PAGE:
Portugal Vintage Report 2015: the Douro
The second of my Portugal 2015 Vintage Reports focuses on the Douro, home of Port, fortified Moscatel do Douro and the full gamut of wines. After a couple of frustrating vintages where rain stopped (Vintage Port) play, Port producers could not contain their glee in 2015 – expect a general Vintage Port declaration and impressive Douro wines – “[We] may have our best reds ever,” says Rita Marques (Conceito) who, in common with other winemakers, remarked on their super-svelte tannins. Here’s the word straight from the horses’ mouths.
Follow this link for my guide to the Douro/Duriense.
Joâo Portugal Ramos, Duorum (Douro Superior)
The 2014/2015 was an atypical year in terms of climate, with a cold and dry winter and a spring and summer which was abnormally hot and dry. What stands out in particular is the reduced rainfall throughout most of the growing season and high temperatures recorded between June and July. This impacted the vine and grape maturation.
These conditions resulted in an advance of the vegetative cycle of about 1 to 2 weeks, relative to the average. As to the water status of the vine between July until the harvest, plants were grown in conditions of intense water deficit, however, the occurrence of precipitation between 15 and 16 September, accompanied by lower temperatures, had a very positive impact both in production and quality, enabling gradual maturation until late September / early October.
The grapes were in an optimal state of health and maturity and there weren’t any signs of dehydration of the grapes. We believe that the precipitation occurred in mid-September contributed towards this. The harvest took place between the first week of September and the second in October, with grapes showing good levels of sugar, acidity and content of phenolic compounds. The musts and wines are showing a very high quality overall. The production from the 110 HA of both Quinta de Castelo Melhor and Quinta do Custodio, was slightly lower than expected.
The wines on the whole, are of high quality. The color intensity (CI) and polyphenols (IPT) were above average and wines are aromatically intense and powerful in the mouth. We think 2015 may turn out to be one of the best vintages since we started in 2007.
Conceito (Douro Superior)
2015 is going to be a stunning year. The weather was close to perfect. Very hot and dry Spring, followed by a Summer that was hot but not too hot, with long strikes of days with a maximum just above 30ºC, and cools nights. This allowed grapes to ripen slowly but steadily, and the harvest started soon, the earliest anyone can remember.
We started to pick red and white grapes on August 19. The grapes were perfectly healthy and ripe. There was some worrying about acidity, with unusually high pHs coming in, but in Conceito we benefited from either early picking, high altitude vineyards, or both. The white wines are probably our best ever, with great minerality,depth, broadness and yet keeping their usual precision.
Reds are structured and at the same time flamboyant. Perhaps less structured and tannic than 2011s, which is good, and less exuberant and fruity than 2012, which is also good. We may have our best reds ever, it’s too soon to say, but at this point we are really happy with our wines.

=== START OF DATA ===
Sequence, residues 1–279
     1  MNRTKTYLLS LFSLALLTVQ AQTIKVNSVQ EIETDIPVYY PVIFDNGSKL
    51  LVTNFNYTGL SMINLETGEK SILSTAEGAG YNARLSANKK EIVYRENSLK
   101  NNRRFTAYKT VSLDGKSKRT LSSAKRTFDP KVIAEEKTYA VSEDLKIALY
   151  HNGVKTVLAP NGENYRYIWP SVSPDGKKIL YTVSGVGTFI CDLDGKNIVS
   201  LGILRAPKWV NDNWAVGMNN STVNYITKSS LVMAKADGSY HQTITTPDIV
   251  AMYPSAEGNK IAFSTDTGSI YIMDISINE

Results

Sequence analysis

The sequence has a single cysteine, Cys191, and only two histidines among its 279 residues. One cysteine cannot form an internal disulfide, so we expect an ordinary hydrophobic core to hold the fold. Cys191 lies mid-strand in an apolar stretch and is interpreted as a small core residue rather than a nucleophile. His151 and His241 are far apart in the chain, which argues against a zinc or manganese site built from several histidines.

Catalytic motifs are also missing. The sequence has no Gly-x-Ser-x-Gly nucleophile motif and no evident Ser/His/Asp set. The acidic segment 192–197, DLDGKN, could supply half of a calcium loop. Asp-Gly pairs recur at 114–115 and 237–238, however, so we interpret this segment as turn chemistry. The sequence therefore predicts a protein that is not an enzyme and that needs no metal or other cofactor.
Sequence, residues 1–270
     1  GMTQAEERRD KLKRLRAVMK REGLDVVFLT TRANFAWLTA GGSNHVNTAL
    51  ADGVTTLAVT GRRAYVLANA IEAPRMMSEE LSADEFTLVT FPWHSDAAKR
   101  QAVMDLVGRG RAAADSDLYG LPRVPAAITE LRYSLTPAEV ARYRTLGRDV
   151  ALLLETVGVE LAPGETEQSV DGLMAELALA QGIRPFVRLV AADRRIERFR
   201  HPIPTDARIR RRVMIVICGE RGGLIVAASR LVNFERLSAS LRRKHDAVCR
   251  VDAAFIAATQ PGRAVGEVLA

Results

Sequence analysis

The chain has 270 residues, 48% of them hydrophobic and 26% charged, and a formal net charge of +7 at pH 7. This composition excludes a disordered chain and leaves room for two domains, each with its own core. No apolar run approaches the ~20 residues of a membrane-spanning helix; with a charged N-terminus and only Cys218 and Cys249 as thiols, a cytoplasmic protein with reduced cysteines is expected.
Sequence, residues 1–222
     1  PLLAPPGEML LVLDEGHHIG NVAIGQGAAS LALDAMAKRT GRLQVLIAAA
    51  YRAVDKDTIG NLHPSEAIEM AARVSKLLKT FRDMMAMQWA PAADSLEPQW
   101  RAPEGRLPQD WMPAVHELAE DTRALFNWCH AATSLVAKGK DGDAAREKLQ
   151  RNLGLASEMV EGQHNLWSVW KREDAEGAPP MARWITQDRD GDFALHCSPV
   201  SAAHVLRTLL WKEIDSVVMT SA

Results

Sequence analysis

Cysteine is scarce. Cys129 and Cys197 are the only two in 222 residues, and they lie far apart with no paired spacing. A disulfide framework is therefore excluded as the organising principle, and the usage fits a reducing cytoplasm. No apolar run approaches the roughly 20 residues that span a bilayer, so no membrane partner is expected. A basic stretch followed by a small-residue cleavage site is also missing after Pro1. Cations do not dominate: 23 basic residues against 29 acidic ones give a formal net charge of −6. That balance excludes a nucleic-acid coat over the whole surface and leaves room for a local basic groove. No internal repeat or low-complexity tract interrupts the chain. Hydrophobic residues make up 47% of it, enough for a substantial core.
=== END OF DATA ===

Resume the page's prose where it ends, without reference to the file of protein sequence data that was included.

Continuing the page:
We have made some white and red Port. It’s too soon to say if we will make a Vintage Port. There was just one day of rain during harvest, 36mm in September 15 to 16. By that time all our best vineyards had already been cropped. The remaining grapes were healthy and we allowed them to properly dry and recover from that rain spell, so we continued til the end of harvest (October, 3) with great grapes coming in for our Contraste line. Winemaker Rita Marques
Quevedo (Douro Superior)
If you think rain during the harvest can only bring harm, change your mind. In 2015, contrarily to the previous two years, the best wines were produced few days after 30mm of rainfall over Quinta Vale d’Agodinho.
This time we start the vintage report by the end of the season: a generous amount of a steady rain during the harvest brought perfect ripeness to the vines and the best wines to the winery. Before that, well, lets go back to the beginning.
The Winter was cold and dry, and although Spring brought warmer temperatures well above the long-term averages, rain was still too low. The vine cycle started about a week earlier than normal. In terms of quantity it was a regular year, with about 2,5 tons per hectare. Summer arrived and stayed slightly cooler than it normally does, which was a great sign. The vines didn’t have plenty of water reserves but at least Summer was not being too severe, and even more important, overnight temperature in August was as low as 12ºC.
In September the grapes were looking great, no diseases, no dehydration or raisins. All was in line for a good harvest, but far from fantastic. And when the rain arrived on Tuesday September15th and Wednesday September 16th we immediately got very concerned. The two previous years were severely damaged by rain during the harvest. But surprisingly 2015 was different. The steady rain came in two days and was followed by strong winds that quickly helped to dry the grapes and leaves.
Pickers were sent home for a few days as we wanted to see how grapes would react to the rain. And what happened was that the quality of the grapes improved tremendously day after day. We were very happy on Monday September 21st when we resumed harvest and started crushing grapes again. It was amazing to see that this generous amount of rain in the middle of the harvest was changing the quality of the wines so much. (Oscar Quevedo)
Sogrape Quinta do Seixo (Cima Corgo), Quinta da Leda (Douro Superior)
The 2014-2015 growth cycle in the Douro region was characterised by a dry year, in contrast to previous years. After a cold winter and an exceptionally warm spring, summer did not deliver excessive heat, despite some peaks in recorded temperatures.